Outside the studio, a stack of surfboards are baking the sun. In a small courtyard flanking the studio, knee-high tables with chairs cater for the kindergarten kids. Teacher Nosisi Dyonase gathers the children around the table, guiding them in song while clapping along.
Inside the studio, the playgroup toddlers are lined up in a row, seated on a step facing the front door. “They are waiting for their parents,” explains teacher Nomonde Mja.
Then she addresses a young boy: “Thato, bring your bag my darling, Gogo is outside!” A tiny girl is twirling about excitedly, lifting a slice of apple to her face.
Next, Whaling leads us over the railway tracks to Muizenberg’s community garden, just off Main Road.
In the garden we walk past gooseberries and tomato plants, while Whaling points out amaranth, a nutritious leafy plant similar to spinach. “This is really popular in Zimbabwe,” she says. “They also use it here at the Muizenberg community kitchen, which prepares meals for, like, R15 each.”
Whaling adds that she teaches most of her nature studies classes inside the public garden, where the Grade 4s — at this point — were enjoying their 30-minute lunch break.
Herding the kids is teacher Shenaye Benjamin. “No sticks!” she warns them. “You don’t want to be blind!” Benjamin explains that their classroom is inside a residential home across Main Road. “It’s a bit stressful to cross the road, but this garden works well for them to be loud and to play,” she says.
Back at Steffen’s house, Steffen and Whaling discuss the big challenge facing the school right now: after being evicted from their premises alongside the vlei for being too noisy last year, the school is effectively homeless. Entering 2022 they had nowhere to house the school, even as the first day of term loomed nearer: January 18. But ingenuity won, as they found a scattering of suitable venues around the village to rent.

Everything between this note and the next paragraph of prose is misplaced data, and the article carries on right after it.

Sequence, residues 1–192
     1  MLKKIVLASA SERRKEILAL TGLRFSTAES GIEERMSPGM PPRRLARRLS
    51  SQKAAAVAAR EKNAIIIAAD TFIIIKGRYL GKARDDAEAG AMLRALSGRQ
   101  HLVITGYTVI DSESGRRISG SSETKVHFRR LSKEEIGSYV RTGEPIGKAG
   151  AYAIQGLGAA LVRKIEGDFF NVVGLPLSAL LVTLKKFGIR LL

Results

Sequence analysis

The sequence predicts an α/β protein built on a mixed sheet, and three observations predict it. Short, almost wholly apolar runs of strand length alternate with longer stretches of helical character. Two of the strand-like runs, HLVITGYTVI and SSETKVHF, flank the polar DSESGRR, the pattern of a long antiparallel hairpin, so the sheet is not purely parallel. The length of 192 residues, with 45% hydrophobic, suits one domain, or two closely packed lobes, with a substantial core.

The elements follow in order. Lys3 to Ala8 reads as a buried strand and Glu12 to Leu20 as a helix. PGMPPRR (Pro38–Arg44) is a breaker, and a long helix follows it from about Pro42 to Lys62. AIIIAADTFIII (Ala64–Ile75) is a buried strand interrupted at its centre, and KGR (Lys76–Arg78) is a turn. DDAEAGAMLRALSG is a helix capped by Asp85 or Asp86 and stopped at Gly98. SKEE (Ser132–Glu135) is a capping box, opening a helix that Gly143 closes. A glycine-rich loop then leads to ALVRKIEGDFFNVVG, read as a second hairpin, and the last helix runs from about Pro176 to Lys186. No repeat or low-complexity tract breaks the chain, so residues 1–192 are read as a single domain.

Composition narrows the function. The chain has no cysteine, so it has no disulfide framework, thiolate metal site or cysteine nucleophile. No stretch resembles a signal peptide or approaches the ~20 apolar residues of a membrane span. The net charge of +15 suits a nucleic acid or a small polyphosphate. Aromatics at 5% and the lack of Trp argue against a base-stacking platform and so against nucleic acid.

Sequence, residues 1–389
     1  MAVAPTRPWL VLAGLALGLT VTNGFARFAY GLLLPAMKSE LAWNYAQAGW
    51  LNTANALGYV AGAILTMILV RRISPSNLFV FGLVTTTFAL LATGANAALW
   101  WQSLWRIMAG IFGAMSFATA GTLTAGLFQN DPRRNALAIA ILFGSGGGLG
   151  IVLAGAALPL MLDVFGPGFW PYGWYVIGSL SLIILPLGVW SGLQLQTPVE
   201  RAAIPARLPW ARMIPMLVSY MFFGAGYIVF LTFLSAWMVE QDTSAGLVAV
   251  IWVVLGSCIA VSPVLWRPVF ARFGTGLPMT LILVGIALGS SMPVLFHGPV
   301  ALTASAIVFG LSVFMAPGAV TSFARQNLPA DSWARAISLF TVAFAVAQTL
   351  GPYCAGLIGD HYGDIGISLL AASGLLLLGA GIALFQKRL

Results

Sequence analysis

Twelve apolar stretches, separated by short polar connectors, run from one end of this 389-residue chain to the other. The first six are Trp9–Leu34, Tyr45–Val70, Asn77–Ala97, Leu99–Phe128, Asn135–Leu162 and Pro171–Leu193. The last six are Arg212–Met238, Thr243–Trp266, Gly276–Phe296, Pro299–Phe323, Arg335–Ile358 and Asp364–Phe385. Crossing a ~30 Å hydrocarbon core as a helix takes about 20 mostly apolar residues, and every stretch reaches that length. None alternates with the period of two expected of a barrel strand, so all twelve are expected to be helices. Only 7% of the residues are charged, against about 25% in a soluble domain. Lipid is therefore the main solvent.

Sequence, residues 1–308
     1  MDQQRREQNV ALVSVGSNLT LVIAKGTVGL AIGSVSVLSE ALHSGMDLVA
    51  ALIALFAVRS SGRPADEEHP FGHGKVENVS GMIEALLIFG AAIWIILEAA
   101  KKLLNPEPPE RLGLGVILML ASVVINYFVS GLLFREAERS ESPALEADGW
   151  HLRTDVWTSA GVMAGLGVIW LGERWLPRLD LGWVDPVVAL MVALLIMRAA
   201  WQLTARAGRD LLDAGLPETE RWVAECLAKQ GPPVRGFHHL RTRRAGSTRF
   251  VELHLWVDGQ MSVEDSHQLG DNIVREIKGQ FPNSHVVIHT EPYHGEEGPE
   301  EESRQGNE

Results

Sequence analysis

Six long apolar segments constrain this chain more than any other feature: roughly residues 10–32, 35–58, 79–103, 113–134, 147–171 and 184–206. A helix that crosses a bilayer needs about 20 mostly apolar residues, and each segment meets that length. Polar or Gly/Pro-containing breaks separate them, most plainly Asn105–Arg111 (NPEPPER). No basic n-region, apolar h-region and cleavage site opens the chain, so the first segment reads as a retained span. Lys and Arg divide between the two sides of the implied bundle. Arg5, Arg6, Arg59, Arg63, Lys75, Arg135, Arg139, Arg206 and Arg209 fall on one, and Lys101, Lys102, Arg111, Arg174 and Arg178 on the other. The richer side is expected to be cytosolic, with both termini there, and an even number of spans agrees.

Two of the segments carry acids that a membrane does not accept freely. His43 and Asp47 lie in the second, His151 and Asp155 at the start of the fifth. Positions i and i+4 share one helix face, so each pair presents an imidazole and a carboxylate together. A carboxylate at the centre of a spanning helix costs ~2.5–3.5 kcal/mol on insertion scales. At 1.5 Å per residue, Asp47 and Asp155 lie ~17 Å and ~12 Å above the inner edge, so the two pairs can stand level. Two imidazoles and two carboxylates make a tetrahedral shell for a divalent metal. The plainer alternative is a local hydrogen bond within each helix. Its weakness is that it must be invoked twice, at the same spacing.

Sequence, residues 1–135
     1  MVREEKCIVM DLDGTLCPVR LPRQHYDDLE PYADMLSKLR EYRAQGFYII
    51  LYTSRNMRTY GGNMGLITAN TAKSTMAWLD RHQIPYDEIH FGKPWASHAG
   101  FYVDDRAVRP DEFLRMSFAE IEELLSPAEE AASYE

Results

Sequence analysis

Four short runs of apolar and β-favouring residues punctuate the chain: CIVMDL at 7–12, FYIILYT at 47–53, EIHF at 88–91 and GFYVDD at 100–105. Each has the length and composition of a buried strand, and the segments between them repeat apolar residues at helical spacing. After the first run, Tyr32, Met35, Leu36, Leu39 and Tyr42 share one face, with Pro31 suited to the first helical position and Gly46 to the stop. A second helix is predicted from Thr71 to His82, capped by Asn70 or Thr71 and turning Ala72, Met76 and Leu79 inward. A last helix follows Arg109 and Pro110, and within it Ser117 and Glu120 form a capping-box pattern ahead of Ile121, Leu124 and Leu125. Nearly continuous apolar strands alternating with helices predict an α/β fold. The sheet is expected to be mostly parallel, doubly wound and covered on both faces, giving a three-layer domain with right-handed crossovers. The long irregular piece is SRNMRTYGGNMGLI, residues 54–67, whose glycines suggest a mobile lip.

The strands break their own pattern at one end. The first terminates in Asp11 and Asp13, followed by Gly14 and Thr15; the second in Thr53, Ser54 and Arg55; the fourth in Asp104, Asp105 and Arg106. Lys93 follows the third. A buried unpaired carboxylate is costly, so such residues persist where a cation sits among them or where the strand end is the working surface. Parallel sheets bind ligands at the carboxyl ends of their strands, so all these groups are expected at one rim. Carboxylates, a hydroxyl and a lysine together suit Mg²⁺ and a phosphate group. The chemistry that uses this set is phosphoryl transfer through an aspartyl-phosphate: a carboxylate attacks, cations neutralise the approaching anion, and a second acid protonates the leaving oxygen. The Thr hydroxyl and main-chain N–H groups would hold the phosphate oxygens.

“We have needed to trust so much that our community would come together and find spaces as a temporary solution to house us,” says Steffen. “You know, like two weeks before school began, we were still looking for venues. And we were determined to open on Tuesday the 18th. That was our intention, and we did.”
However, this is a temporary solution and they hope to consolidate classes in one venue again, soon.
Steffen says there are several suitable unused government properties around Muizenberg, but that none of the City of Cape Town officials they approached over the course of a year could help them secure access, most of the officials citing bureaucratic complexity as an excuse. They say they asked Muizenberg ward councillor Amy Kuhl for help, to no avail.
“Most of the officials just kind of draw up their shoulders, saying they love our idea — that it’s a great idea — but that they can’t help us,” says Whaling. “Which is strange, as there is a really big need for schools in this area.”
Maverick Citizen approached the City of Cape Town for comment. “Please note that schools fall under the jurisdiction of the Western Cape Education Department. Based on this, please refer your enquiry to them,” said City spokesperson Lisle Brown.
Western Cape Provincial Minister of Education Debbie Schäfer’s office was more helpful. However, spokesperson Kerry Mauchline pointed out that their hands were effectively tied until the school was officially and lawfully registered with the department.
In turn, school teacher Elinor Driver tells Maverick Citizen that they obtained the papers to register the school last year already — but that they were stuck, as, in order to get registered as an independent school, they need to have 20 children under the same roof. Which, due to their circumstances of not having one venue for all the classes, they don’t have right now.
While adults are working on unfurling bureaucratic stalemates; young pupils are laughing, learning to express themselves practising “form-drawing” on Muizenberg’s beach.
Steffen explains that she is from the United Kingdom and that her husband is of Indian Durban descent. “We are a melting pot,” she says. “This is the new generation; it’s the Creolisation of the world, the future. And we dearly want to reflect that in our school.” DM/MC
Daily Maverick © All rights reserved